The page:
The stock market believes AT&T could be feeling squeezed by BT's move to pay pounds 2.8bn for a 20 per cent interest in MCI, one of America's largest long-distance telephone groups.
It could, therefore, be tempted into forging an alliance with C&W, up 9p to 753p. Another possibility could be a bid for Vodafone, the cellular telephone group, up 13p at 456p.
AT&T has already shown its annoyance at BT's international aggression. It is lobbying the US authorities to reject the UK group's application to offer services in America if it is not given permission to develop its operations in this country.
The Americans regard the UK and Europe as important expansion areas but feel their ambitions are restrained by entrenched telephone networks and government restrictions on overseas operations.
A link with C&W could already have eluded the US group. C&W, which is thought to have a series of international deals under discussion, has sold a 20 per cent interest in its Mercury network to Bell Canada. Among the rumoured C&W links are a 25 per cent interest in Eire's state-owned network and a 35 per cent stake in the Greek network, OTE.
BT shares missed the telephone buzz, falling 3.5p to 418p.
The rest of the stock market had a downbeat session with the FT-SE 100 index falling 10.2 points to 2,852.8 in often sluggish trading.
Properties, after Wednesday's George Soros-inspired excitement, had to contend with the inevitable profit-taking.
British Land fell 26p to 318p with the nil-paid rights opening at 74p and closing at 68p. Uninspiring results from MEPC also undermined sentiment. However, some of the smaller groups made headway, with London & Associated Investment Trust up 3p at 32p and Regalian Properties 1.5p firmer at 24.5p.
With drug shares dull Zeneca again gave ground. The shares fell 8p to 626p and the nil-paid rights 7p to 30p. But Imperial Chemical Industries continued to 'celebrate' its new slimline look, improving 13.5p to 687p.
British Airways fell 6.5p to 297.5p, ruffled by the continuing industrial unrest and disappointing May traffic figures.
Sun Alliance, the biggest general insurer, edged ahead 2p to 335p as TransAtlantic Holdings said it picked up 400,000 shares, taking its interest to just above 3 per cent.
TransAtlantic, with the French Union des Assurances de Paris, took control of the Sun Life Assurance group in 1991. South African-controlled TransAtlantic held at 274p.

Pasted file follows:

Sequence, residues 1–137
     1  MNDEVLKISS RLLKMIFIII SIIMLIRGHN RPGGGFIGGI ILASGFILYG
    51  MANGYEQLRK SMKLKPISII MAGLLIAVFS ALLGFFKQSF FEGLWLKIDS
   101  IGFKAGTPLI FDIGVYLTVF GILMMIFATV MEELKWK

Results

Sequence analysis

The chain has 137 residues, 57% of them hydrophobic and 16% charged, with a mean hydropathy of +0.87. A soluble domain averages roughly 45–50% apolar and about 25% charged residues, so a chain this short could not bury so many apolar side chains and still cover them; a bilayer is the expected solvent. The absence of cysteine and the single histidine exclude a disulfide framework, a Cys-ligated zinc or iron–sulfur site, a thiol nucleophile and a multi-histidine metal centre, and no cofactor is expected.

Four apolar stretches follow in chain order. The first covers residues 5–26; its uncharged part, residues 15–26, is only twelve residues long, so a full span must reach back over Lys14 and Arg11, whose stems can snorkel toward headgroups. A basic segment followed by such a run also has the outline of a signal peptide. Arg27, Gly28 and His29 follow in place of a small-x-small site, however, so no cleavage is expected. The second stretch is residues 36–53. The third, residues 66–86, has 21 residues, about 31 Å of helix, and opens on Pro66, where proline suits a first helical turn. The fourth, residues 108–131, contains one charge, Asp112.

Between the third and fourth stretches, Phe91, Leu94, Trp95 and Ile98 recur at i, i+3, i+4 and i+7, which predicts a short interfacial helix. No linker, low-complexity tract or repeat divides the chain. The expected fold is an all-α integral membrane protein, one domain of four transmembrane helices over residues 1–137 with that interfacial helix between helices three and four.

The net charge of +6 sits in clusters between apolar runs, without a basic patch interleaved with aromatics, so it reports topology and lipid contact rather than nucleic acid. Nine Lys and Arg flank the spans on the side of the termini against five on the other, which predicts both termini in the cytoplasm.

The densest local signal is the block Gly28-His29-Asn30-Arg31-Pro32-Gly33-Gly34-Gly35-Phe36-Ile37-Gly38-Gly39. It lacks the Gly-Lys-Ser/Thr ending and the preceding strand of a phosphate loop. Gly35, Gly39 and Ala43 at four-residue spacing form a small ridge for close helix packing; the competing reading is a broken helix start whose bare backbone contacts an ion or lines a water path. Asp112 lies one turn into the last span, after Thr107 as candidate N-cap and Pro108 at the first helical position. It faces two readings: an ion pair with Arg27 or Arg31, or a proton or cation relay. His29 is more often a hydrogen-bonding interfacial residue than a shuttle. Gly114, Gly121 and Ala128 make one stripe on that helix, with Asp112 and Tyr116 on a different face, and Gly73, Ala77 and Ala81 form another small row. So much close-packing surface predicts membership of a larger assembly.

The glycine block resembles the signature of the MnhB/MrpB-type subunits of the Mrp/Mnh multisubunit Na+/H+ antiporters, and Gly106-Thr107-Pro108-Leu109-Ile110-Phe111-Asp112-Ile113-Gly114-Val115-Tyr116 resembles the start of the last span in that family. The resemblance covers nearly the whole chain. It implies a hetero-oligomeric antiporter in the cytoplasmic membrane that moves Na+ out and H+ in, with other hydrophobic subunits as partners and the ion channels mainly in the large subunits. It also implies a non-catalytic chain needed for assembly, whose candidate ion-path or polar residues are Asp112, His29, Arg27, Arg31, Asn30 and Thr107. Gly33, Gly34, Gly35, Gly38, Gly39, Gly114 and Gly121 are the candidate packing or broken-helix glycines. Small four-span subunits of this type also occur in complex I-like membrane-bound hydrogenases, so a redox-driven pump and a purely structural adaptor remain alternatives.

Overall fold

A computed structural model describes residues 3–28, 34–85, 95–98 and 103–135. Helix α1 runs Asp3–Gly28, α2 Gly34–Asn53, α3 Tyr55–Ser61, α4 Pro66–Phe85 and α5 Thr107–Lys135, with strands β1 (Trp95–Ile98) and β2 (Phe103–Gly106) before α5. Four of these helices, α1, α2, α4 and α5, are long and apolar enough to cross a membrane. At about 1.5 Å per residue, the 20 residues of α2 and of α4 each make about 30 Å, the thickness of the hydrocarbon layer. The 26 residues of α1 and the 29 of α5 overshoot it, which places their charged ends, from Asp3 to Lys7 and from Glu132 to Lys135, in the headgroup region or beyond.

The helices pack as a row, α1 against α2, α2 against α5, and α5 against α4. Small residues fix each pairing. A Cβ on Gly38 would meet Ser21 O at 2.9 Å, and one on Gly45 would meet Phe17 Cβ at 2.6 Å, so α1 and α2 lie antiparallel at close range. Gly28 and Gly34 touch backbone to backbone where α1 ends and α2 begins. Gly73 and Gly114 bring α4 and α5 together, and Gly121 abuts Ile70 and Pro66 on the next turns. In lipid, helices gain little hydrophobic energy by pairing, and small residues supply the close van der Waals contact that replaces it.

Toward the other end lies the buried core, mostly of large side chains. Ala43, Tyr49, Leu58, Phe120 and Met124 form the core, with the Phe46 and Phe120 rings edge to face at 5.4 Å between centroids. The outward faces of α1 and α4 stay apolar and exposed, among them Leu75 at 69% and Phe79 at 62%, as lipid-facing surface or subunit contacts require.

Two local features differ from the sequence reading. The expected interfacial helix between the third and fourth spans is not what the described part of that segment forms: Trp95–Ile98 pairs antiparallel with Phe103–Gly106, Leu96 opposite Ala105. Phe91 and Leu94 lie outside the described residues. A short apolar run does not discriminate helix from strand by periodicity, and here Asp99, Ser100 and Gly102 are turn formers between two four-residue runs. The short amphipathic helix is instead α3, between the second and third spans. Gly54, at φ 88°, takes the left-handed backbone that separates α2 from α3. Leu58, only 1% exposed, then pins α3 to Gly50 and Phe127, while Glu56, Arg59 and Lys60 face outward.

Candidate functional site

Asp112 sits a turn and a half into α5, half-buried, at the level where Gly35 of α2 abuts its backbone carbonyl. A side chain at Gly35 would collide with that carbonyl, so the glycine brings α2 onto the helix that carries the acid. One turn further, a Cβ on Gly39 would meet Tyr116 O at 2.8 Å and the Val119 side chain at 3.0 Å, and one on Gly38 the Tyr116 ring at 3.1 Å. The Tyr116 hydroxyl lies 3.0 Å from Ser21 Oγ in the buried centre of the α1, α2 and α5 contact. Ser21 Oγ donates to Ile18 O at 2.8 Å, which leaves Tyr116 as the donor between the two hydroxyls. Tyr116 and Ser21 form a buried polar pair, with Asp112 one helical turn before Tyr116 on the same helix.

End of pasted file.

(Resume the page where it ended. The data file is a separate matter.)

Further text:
Earlier this year Donald Gordon, TransAtlantic's chairman, said he hoped to expand the group's UK insurance operations. Sun Alliance has a market valuation of pounds 2.7bn.
Forte, the hotel group, edged ahead 2p to 200p as Kleinwort Benson, for the first time for two years, made positive noises. It expects profits to reach pounds 105m this year and pounds 142m next year.
'The shares have underperformed by 54 per cent over the past four years and the prospect now is for outperformance', said Kleinwort Benson.
Laura Ashley, the fabrics and frocks retailer, gained 3p to 114p as the Ashley family sold another five million shares, cutting its stake to 34.1 per cent. The shares were sold at 108p.
British Steel advanced 3p to 102.5p on the new round of price increases - the third this year. US investors, through ADRs, now have 17.88 per cent of the capital. ASW Holdings, the steel stockholder, rose 5p to 220p on the back of BS.
T&N, the motor components group, improved 7p to 184p. It announced a pounds 39.9m share placing at 170p. The cash is needed for the acquisition of Goetze, a German business. Results pushed VSEL 26p higher to 795p.
Scholes, the electrical group, fell 10p before rallying to close 3p down at 135p. Talks that could lead to a bid have been held but 'have now been terminated'.
Phoenix Timber dropped 7p to 23p following a warning of a pounds 2m loss, and Caird Group, the waste disposal operation, lost 7.5p to 17.5p in response to a depressing trading statement.
Doeflex, a maker of plastic products, rose 12p to 147p, following meetings with stockbrokers.
Ex-Lands, developing golf centres, gained 3p to 28p. London Finance & Investment Group has paid pounds 1m for a 7.2 per cent stake. It acquired the shares from Creston, a contracting group planning a property takeover. Creston shares were suspended at 18.5p.
Countryside Properties, in the throes of a pounds 16.8m rights issue, shaded 1p to 128p with the nil-paid down 2p at 19p.
Carr Kitcat & Aitken rates the shares a buy. It has lifted this year's profit forecast by pounds 2m to pounds 7m and next year's by pounds 1.8m to pounds 9m. Countryside, aiming to become the biggest housebuilder in the South-east, lost pounds 11.7m last year.
The FT-SE 100 index fell 10.2 points to 2,852.8 and the FT-SE 250 index 7.8 to 3,183.6. Trading was again slack with turnover reaching 568.2 million shares with 29,264 bargains. The accounts ends today with settlement on 14 June. Government stocks were little changed.
Westralian Resources is attracting attention. But with more than 90 per cent of its capital in institutional hands, the shares are a difficult market. The company has some intriguing mineral investments, including 43 per cent of Montagu Gold. Assets are thought comfortably to top 25p a share. Although Australian listed, it is run from Scotland with Waverley Mining owning 9 per cent.
Sidlaw Group jumped 20p to 350p as it achieved another lucrative oil services contract. It already runs support services for the North Sea operations of a number of oil giants, including British Petroleum. The latest deal, with Amoco, could be worth up to pounds 500,000 a year. Profits this year are forecast at pounds 8.2m. The group's oil side has served it well as its packaging and textile operations have suffered.Reuse content